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Northampton school leaders to form another committee on school start times


Northampton High School history teacher Scott Mahar, at podium, speaks at graduation in 2007 after he was presented the Mary Gray Teacher of the Year award.

GAZETTE FILE PHOTO Northampton High School history teacher Scott Mahar, at podium, speaks at graduation in 2007 after he was presented the Mary Gray Teacher of the Year award. Purchase photo reprints »

— School leaders are once again preparing to send the issue of the high school start time to a committee.

At tonight’s School Committee meeting slated for 7:15 p.m. at JFK Middle School, members will discuss the charge and makeup of an ad hoc committee on school start times.

A Dec. 8 blog post by Superintendent Brian Salzer suggested that the group’s charge would be “to continue researching alternative proposals and to survey the community” on the start time issue. But in an interview earlier this week, Salzer said his understanding of the committee’s task, “was not a shared understanding” and therefore, its charge will be determined by the full board tonight.

It will be the second start time committee school leaders have formed since the debate over a later start for Northampton High School began five years ago. The previous committee recommended that the high school bell be changed from 7:30 a.m. to 8 a.m. or later based on research showing that teens who get more sleep are healthier and do better in school.

Later-start proponent Steve Herrell, who was a member of the first committee, said he is not opposed to school leaders forming another one — but not if its purpose is to survey the community.

“We’ve had five years of input from the community,” Herrell said. “Of course the community can continue to provide input. But with all due respect, there’s no need for more surveys and forums. It would be a waste of time and energy to do more of that.”

Instead, Herrell said, a new start time committee “should be given a time frame and develop viable options and plans to address all the ramifications” of a later high school start time, including its effect on sports and academic schedules.

That’s a mission School Vice Chair Stephanie Pick said she plans to lobby for as well. “I want this committee to do the work that we haven’t done sufficiently enough to put people’s concerns to rest by looking at all the specific issues,” she said in an interview Wednesday.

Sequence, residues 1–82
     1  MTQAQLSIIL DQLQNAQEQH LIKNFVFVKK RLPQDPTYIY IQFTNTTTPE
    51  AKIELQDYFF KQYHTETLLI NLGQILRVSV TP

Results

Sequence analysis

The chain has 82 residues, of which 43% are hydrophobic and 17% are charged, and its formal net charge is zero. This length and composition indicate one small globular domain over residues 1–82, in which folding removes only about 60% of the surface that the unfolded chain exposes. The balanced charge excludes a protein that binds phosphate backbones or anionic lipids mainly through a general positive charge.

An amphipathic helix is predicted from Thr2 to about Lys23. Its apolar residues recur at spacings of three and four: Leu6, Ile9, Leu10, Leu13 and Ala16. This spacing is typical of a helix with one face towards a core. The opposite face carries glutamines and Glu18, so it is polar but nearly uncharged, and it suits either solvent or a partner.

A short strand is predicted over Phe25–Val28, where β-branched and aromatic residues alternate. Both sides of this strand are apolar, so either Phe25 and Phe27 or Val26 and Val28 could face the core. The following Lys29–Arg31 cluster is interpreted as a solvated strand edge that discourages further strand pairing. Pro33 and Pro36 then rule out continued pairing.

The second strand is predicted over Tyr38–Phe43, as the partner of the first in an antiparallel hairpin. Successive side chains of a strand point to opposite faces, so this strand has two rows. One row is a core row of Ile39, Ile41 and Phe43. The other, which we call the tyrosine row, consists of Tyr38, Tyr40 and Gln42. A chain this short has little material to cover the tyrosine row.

Pick said because of changes voters approved in the City Charter, it’s unclear whether she or Mayor David J. Narkewicz will be making appointments to the planned committee. “My personal hope is that we’d have members of the School Committee and some people from the high school, faculty or athletic administrators, on it,” she said.

Some opponents of changing the school bell are not happy about the school board’s intention to form another committee on the issue.

Cindy Mahoney, a high school parent who has spoken against a later start time at recent public forums, said she would rather see school leaders vote on the matter.

“At this point, the issue has become divisive in the community,” Mahoney said. “It really can’t be addressed right away because of the budget situation and our teacher contracts. The School Committee should just decide it can’t happen.”

Last month, school leaders were set to vote on two proposals for changing the high school start time beginning next fall — one to 8:15 a.m. and another to 8:30 a.m. Both proposals also called for extending the elementary school day by 20 minutes.

After elementary school parents complained that posted agendas and public forums on the proposals did not include mention of changing the elementary school bell, a special meeting was called to discuss start times for the entire district.

At that meeting last week, school committee members agreed that discussions about extending the elementary school day should take place in collective bargaining sessions with school employees. So neither of the two proposals will move forward.

At last week’s meeting, School Committee member Michael Flynn expressed frustration with the amount of time the board has devoted to the start time issue.

“It feels for the last six months that I’m on the later start time committee instead of the school committee,” he said. “We have curriculum issues we’re not talking about, a huge budget issue we’re not talking about. I worry about that.”

Pick replied, “That’s all the more reason” to form a committee.

“I want to turn this conversation to the consequences of changing the start time,” she said.

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